Mobile phones are undergoing a feature frenzy, enabled by the evolution of standards and technology and driven by wireless carriers hoping to lure subscribers with flashy new attractions. This feature boom is bringing a veritable explosion in sales (see "New Features Fire Up Mobile-Phone Sales," p. 56).
But this proliferation of features comes at a price. Most new elements require additional transistors, components, and board space, factors that drove up the BoM for mobile phones in 2003. With buyers sensitive to price and with wireless service carriers often selling their handsets at a loss, preventing the BoM from ballooning is key to success in the mobile-phone world.
To remain cost-competitive while simultaneously satisfying demand for exciting new features, makers of mobile phones must reduce the BoM for some of the less glamorous, but no less important, segments of mobile-phone designs, such as the memory and radio-frequency/intermediate-frequency (RF/IF) subsystems. Based on the teardowns and comparative analyses of more than two dozen mobile phones, iSuppli's Teardown Analysis Service identified a number of opportunities for cutting costs in these areas.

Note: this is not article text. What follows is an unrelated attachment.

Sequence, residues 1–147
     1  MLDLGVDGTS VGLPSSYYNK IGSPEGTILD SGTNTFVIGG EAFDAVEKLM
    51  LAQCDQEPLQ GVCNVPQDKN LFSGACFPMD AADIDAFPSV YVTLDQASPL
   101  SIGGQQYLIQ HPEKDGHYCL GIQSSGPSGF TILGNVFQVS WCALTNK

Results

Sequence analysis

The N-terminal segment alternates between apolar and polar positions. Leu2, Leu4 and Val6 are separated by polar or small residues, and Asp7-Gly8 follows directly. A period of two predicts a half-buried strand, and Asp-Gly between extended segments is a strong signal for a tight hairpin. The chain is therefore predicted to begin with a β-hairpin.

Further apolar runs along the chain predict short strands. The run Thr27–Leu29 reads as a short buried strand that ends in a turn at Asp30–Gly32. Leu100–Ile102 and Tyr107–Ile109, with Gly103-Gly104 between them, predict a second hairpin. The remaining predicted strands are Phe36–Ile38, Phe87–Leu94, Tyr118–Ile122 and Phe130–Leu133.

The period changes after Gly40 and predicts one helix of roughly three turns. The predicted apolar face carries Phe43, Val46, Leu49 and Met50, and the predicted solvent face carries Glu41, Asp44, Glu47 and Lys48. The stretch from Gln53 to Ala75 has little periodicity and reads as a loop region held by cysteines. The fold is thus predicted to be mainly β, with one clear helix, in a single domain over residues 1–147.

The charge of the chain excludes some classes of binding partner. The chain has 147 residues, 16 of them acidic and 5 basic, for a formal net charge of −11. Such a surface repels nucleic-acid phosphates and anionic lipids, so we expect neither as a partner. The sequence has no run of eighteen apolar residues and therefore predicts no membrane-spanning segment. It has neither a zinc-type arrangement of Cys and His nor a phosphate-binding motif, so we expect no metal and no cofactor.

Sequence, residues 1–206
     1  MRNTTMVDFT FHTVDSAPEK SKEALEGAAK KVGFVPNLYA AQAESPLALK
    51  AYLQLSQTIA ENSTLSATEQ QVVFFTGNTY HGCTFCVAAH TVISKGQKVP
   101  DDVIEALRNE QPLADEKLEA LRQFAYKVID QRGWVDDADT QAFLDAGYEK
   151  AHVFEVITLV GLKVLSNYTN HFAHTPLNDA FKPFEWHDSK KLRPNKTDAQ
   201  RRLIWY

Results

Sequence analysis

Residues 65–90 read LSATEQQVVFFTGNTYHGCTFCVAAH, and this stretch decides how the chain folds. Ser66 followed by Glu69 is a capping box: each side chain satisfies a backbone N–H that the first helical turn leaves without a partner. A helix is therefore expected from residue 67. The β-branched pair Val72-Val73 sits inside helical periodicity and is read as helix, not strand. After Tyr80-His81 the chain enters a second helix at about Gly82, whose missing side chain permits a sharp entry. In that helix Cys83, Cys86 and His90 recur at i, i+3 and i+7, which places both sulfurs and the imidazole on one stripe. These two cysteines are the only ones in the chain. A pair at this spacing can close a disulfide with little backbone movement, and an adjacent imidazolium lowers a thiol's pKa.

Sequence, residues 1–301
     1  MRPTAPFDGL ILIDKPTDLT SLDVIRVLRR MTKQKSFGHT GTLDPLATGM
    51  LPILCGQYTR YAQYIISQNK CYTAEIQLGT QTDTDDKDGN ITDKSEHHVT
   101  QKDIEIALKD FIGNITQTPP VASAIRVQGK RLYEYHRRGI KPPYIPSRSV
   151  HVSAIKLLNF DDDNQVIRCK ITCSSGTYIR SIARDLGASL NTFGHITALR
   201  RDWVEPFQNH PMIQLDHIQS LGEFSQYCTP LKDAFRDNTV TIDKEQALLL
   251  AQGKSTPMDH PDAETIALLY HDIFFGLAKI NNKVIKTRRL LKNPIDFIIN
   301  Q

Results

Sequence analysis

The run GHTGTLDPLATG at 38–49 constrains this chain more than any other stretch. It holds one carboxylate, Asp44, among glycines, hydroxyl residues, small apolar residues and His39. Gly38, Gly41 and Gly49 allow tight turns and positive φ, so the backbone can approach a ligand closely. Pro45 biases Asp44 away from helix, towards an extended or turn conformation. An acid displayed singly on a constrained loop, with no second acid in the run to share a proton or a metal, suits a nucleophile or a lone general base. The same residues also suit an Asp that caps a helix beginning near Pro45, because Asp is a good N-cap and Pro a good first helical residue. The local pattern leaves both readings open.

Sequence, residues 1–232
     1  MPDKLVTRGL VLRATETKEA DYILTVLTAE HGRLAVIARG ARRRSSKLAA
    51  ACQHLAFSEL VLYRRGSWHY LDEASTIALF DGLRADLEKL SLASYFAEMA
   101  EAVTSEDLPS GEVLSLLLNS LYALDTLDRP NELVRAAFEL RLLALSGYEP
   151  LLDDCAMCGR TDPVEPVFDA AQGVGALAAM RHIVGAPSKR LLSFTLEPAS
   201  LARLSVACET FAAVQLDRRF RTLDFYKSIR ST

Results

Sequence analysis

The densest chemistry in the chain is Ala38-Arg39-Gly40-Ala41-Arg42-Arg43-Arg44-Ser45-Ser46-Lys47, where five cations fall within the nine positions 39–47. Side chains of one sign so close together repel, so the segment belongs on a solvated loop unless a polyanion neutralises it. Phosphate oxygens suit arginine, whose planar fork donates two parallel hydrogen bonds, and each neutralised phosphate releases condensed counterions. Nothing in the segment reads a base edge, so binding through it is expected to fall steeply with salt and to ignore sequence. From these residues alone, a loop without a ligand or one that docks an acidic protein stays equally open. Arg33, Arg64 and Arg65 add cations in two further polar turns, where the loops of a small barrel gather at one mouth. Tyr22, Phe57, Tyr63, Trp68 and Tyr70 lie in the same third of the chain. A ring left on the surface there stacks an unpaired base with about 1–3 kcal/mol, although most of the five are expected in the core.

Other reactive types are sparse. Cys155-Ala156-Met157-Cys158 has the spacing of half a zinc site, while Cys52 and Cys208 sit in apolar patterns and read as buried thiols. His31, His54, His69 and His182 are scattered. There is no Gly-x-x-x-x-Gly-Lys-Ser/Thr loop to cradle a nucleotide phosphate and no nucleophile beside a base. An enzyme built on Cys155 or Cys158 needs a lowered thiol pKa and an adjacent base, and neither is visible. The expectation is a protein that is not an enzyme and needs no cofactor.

THE COST OF INNOVATION
Phone makers know that adding new features pumps up costs. "Features are the main drivers of material costs in mobile phones," says Andrew Rassweiler, who manages the Teardown Analysis Service. "In the phone teardowns we conducted, we've seen products with varying features ranging in manufacturing cost from as little as $40 to almost $200. The addition of new features not only boosts electronic content but increases the overall complexity of mobile phones, requiring more memory and even more programming, assembly, and testing."